Selection of the 20 best individuals, aiming at sexual propagation, that is, transforming the families into a seed orchard through seedlings, was represented by 16 families, leading to predicted mean gain of 56% (Table 4). After one selection cycle, the new mean of the population is raised from 217.68 to 323.31 kg ha-1 of OY, with effective population size of 17.71, sufficient to prevent the occurrence of inbreeding depression in the generation planted. Genetic gain predicted as based on additive genetic value for selection of individuals, considering the OY trait (56%), was greater than the gain predicted from selection of the best families (34%) for the same trait, indicating that selection of the best individuals is a more adequate strategy than selecting superior families.

Table 4 Phenotypic values (ph), additive genetic values (a), means plus additive genetic values (u+a), predicted mean gain, new mean of the population, and effective size (Ne) for selection of the 20 best individuals of Jatropha curcas L., based on additive genetic value, considering oil yield, in kg ha-1, evaluated over two crop years 

Order Family Block Tree ph a u+a Gain New mean Ne
1 14 20 2 596.19 166.05 383.73 166.05 383.73 1.00
2 76 13 4 679.56 147.12 364.80 156.58 374.27 2.00
3 14 3 4 593.38 145.18 362.86 152.78 370.46 2.48
4 77 24 2 510.68 139.26 356.94 149.40 367.08 3.49
5 57 15 1 652.98 136.73 354.41 146.87 364.55 4.49
6 77 22 1 556.74 132.51 350.19 144.47 362.16 5.08
7 3 25 3 600.52 129.00 34668 142.26 359.95 6.07
8 35 31 3 488.74 123.98 341.66 139.98 357.66 7.06
9 13 2 4 551.78 121.57 339.25 137.93 355.62 8.05
10 71 2 4 608.48 120.57 338.25 136.20 353.88 9.05
11 33 33 2 565.77 117.24 334.92 134.47 352.16 10.04
12 55 4 4 484.88 111.50 329.18 132.56 350.24 11.04
13 44 4 4 552.66 110.11 327.79 130.83 348.51 12.04
14 147 12 2 699.65 109.94 327.62 129.34 347.02 13.03
15 122 33 2 475.16 108.76 326.44 127.97 345.65 14.03
16 77 7 3 500.60 107.92 325.60 126.72 344.40 14.15
17 116 17 2 562.43 107.06 324.74 125.56 343.24 15.14
18 66 30 2 513.16 106.73 324.41 124.51 342.20 16.14
19 122 14 4 491.20 105.81 323.49 123.53 341.21 16.72
20 40 3 4 493.49 105.63 323.31 122.63 323.31 17.71
Mean gain (%) 56
Overall mean (u) 217.68

It should be noted that the additive genetic values are also useful in planning crosses for evaluation in the next selective cycle. In breeding program, forming the breeding population is one of the most important steps. This population may be composed of previously selected parents that represent the genetic diversity of the species (Bhering et al. 2011). In this respect, genetic clustering of the families guides the crosses to be made (Table 5). In this study, formation of eight distinct clusters of families was examined, containing the 16 families selected as based on additive genetic value. Cluster IV had the largest number of families (seven), followed by cluster I (five), cluster II (two), and clusters VII and VIII (one family each). The cross between selected individuals belonging to families of different clusters should be emphasized with a view to increasing the probability of obtaining high specific combining ability or heterosis (Resende 2007b). Thus exceptional full-sib families can be generated, with the aim of selecting heterotic hybrids, and establishing them through cloning.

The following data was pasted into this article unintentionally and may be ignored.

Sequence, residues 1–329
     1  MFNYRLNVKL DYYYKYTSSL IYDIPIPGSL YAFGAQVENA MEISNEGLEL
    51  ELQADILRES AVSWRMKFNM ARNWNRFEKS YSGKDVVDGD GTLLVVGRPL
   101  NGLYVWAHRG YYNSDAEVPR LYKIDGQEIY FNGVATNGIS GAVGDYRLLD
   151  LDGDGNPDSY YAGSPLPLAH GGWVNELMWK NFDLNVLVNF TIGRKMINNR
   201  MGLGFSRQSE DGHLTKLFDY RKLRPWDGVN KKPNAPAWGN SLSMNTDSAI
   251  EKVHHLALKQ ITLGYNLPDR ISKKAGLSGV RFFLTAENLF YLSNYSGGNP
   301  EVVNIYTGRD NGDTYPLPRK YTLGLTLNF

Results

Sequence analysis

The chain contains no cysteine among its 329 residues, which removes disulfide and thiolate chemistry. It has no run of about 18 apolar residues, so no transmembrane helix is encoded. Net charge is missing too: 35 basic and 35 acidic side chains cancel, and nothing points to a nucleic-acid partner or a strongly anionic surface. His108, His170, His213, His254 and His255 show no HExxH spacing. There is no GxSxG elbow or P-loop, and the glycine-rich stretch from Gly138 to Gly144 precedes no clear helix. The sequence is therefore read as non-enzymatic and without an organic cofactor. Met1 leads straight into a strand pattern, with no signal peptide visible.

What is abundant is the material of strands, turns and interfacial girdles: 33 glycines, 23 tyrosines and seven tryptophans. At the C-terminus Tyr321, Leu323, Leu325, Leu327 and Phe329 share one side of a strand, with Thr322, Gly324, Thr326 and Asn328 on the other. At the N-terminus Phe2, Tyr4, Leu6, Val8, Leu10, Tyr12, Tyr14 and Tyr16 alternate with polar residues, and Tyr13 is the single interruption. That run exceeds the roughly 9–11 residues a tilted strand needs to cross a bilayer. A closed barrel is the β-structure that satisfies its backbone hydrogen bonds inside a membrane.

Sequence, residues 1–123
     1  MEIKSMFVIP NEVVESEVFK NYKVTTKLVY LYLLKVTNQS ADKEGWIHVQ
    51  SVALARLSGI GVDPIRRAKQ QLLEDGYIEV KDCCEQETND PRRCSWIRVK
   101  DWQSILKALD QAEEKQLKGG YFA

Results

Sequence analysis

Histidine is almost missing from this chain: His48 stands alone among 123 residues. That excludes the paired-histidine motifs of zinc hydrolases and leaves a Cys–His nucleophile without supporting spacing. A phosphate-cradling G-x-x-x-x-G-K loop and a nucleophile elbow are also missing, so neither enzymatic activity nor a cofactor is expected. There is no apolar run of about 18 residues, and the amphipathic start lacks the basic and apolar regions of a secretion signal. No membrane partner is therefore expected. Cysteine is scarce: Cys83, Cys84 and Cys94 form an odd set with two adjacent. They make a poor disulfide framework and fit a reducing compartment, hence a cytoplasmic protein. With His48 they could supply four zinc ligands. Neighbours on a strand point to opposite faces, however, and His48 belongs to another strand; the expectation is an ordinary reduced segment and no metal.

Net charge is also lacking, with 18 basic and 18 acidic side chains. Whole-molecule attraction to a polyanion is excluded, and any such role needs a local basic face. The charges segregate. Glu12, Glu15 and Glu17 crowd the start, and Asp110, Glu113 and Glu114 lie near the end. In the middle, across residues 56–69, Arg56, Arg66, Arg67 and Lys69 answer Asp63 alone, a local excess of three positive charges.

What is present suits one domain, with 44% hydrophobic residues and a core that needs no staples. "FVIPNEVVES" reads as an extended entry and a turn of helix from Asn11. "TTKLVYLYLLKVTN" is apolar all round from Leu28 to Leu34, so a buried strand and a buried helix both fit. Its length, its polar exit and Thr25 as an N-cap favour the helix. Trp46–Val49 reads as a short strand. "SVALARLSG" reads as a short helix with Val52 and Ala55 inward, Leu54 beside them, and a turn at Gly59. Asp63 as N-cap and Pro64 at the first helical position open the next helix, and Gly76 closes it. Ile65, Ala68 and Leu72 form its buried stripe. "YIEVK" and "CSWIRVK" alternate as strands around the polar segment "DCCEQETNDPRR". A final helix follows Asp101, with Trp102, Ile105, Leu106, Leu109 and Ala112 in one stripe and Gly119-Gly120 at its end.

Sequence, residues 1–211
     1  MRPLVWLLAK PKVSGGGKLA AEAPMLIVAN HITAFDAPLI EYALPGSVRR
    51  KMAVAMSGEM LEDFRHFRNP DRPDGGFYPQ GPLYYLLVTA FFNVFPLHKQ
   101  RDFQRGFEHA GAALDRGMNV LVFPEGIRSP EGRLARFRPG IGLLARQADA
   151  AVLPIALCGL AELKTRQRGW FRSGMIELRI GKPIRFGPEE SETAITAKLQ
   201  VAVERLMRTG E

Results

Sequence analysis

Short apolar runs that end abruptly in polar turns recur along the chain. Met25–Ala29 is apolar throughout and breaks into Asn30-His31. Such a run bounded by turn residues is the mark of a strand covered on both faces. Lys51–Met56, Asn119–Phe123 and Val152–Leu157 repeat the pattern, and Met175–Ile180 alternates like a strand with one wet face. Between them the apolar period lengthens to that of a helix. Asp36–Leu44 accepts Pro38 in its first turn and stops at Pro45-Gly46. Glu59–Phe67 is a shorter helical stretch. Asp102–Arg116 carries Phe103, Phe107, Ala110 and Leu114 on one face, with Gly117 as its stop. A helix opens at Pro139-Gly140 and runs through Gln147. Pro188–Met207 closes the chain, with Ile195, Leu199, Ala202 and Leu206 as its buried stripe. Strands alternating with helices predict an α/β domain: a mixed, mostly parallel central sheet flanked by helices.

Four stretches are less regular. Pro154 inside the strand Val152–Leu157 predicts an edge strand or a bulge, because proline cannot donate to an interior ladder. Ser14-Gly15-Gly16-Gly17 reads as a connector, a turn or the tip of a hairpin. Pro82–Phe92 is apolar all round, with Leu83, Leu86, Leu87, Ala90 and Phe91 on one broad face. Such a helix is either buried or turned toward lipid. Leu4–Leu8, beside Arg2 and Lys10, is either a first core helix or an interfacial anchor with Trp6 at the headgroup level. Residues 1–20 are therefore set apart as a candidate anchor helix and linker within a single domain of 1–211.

Table 5 Genetic clustering of 121 families of Jatropha curcas L. by the Tocher method, based on the matrix of Mahalanobis distance  

Genetic Clusters Families1
I 96, 60, 101, 16, 71, 99, 13, 20, 40, 89, 51, 147, 42, 55, 39, 74, 104, 112, 72, 86, 12, 67, 126, 46, 107, 125, 82, 61, 141, 37, 113, 1, 64, 94, 105 and 132
II 31, 127, 117, 52, 129, 118, 3, 133, 81, 84, 4, 44, 59, 106, 130, 121, 83, 11, 53, 56, 142, 103, 151*, 145, 131, 34, 90, 102, 18, 146, 73, 50, 110, 69, 88, 47, 45 and 140
III 137, 144, 68, 111, 143, 79, 109, 43, 136, 28, 8, 5, 48, 135, 7, 23, 134, 30, 24, 150, 138, 29, 19 and 148
IV 70, 10, 14, 116, 33, 65, 35, 122, 100, 124, 76, and 57.
V 92, 22 and 58
VI 25, 128, 15 and 9
VII 66 and 91
VIII 77
1 Underlined numbers represent the 16 families obtained by selection based on additive genetic value. * Control

Selection of the 20 best clones for the purpose of asexual propagation consisted of 16 families and provided mean gain of 66%, raising the mean of the population from 217.68 to 344.40 kg ha-1 of oil, with effective size of 14.15, sufficient for maintaining genetic variability and obtaining gains in subsequent selection cycles (Table 6).